In this installment of our summer series about enjoying in-season organic produce, learn simple tips for highlighting tomatoes in fresh, well-spiced meals.
By Tom Havran
Fresh, local, vine-ripened heirloom tomatoes may be the highest incarnation of summer produce bliss. Nothing matches the juicy texture and flavor of a fresh tomato with it’s balance of acidic tang and musky, fruity sweetness — unless it’s the concentrated and mellowed flavor of a perfectly home-canned tomato, or the sticky, fig-like, chewy-sweet density of a lovely sun-dried tomato.
Tomatoes come in three main varieties:
- Slicers/beefsteak: Great for fresh use on sandwiches and in salsas.
- Paste/plum: Fleshy with few seeds — great for canning, drying and sauce-making.
- Salad/cherry: Great to snack on and for adorning salads.
Tomatoes also come in a rainbow of colors from red to orange, yellow, green, purple, pink and white. In general, lighter-colored and green tomatoes can be dramatically less acidic and fruity (or dramatically tart and fruity). As the tomato’s color darkens, the richer and more complex the flavor becomes.
How to prepare it: How NOT to prepare tomatoes is the question. Slice and serve them with fresh mozzarella, sweet basil, olive oil, salt and pepper. Grill them whole with onions, jalapenos and garlic, and coarsely puree the mix for an unforgettable fire-roasted salsa. Puree and strain a selection of dense, meaty tomatoes to use fresh as tomato juice.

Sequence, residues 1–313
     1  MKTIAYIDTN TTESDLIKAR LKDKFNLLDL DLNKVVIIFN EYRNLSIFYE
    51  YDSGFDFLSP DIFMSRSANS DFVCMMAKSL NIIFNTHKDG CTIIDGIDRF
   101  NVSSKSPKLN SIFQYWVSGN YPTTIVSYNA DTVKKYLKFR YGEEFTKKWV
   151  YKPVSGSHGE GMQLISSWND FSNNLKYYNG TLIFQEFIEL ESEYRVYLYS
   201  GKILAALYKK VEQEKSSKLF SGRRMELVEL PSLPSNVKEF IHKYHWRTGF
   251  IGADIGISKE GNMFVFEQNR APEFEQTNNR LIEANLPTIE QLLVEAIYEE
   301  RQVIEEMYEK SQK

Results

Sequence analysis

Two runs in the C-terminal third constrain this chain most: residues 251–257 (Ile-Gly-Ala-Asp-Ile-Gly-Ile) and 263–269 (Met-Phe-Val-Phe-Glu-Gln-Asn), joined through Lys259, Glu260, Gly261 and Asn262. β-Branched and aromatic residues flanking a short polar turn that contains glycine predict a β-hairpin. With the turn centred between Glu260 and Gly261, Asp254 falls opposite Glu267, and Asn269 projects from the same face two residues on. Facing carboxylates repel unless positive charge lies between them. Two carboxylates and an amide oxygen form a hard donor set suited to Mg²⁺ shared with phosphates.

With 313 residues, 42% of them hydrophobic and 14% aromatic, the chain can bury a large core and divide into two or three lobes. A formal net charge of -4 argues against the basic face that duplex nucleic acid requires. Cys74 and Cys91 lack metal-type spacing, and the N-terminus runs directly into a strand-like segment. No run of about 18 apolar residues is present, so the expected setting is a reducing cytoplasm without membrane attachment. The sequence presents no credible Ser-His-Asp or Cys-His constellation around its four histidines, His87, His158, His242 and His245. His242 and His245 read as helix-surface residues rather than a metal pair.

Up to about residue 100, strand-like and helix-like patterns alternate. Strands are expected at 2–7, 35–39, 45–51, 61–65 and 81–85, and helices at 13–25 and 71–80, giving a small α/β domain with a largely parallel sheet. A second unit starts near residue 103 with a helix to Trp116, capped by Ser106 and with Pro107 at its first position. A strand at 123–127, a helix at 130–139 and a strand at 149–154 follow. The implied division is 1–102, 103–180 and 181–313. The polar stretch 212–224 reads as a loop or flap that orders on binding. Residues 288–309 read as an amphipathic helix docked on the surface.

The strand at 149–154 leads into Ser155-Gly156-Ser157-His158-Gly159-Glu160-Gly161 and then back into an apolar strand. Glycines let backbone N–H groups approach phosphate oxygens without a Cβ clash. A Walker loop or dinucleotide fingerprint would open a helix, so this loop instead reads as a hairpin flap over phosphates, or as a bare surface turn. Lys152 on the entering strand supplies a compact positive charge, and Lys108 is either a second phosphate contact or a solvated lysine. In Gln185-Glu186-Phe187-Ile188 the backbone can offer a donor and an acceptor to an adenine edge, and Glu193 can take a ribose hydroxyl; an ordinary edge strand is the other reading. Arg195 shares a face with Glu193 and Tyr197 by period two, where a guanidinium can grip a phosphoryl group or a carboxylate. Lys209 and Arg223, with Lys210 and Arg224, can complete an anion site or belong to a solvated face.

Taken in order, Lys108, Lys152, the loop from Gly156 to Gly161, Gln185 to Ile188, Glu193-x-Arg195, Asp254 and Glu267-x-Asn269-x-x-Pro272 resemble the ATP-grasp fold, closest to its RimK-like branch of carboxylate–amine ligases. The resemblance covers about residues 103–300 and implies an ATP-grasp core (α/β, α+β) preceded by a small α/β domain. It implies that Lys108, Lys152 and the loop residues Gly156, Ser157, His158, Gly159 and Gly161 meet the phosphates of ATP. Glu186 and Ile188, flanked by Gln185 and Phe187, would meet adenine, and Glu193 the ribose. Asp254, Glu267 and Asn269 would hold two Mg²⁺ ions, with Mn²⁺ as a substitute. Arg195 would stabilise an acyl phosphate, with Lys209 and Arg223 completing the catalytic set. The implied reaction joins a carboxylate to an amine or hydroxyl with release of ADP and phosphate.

Spices and herbs to complement: Oregano and sweet basil are both referred to as the “tomato herb,” as they both complement the sweet, tart, vegetal properties of tomatoes. Garlic, likewise, adds a much-needed aromatic, sulfurous depth to the bright zing of tomatoes.
Pairs well with: Mild and creamy fresh mozzarella cheese tames the acidic tang. Dense, substantial starches like pasta, rice and bread are transformed with a dressing of piquant tomato.
5 Tips for enjoying tomatoes:
- Tomatoes need to ripen on the vine to fully develop their unique flavor.
- Buy tomatoes that are ripe, and use them fresh or preserve them by drying, canning or freezing.
- Freezing tomatoes makes for easy processing. Parboil, peel and freeze whole tomatoes, or simply puree and freeze the liquid.
- Thicken pureed fresh tomatoes without cooking. Allow the puree to stand overnight in refrigerator. Ladle the thickened pulp off the top, and use the tomato water underneath as a soup base or as a substitute for water when you cook beans or boil pasta.
- Organize a tomato taste-testing to experience the full range of flavors that tomato varieties offer.
How are you using your tomato bounty this year?
About the author: Tom is communicator of natural living for Frontier, Simply Organic and Aura Cacia brands. In other words, he’s a very imaginative copywriter. A local boy, raised on a farm just down the road from the company’s headquarters in Norway, Tom enjoys drawing, plant hoarding, cooking and living the simple life in the beautiful state of Iowa.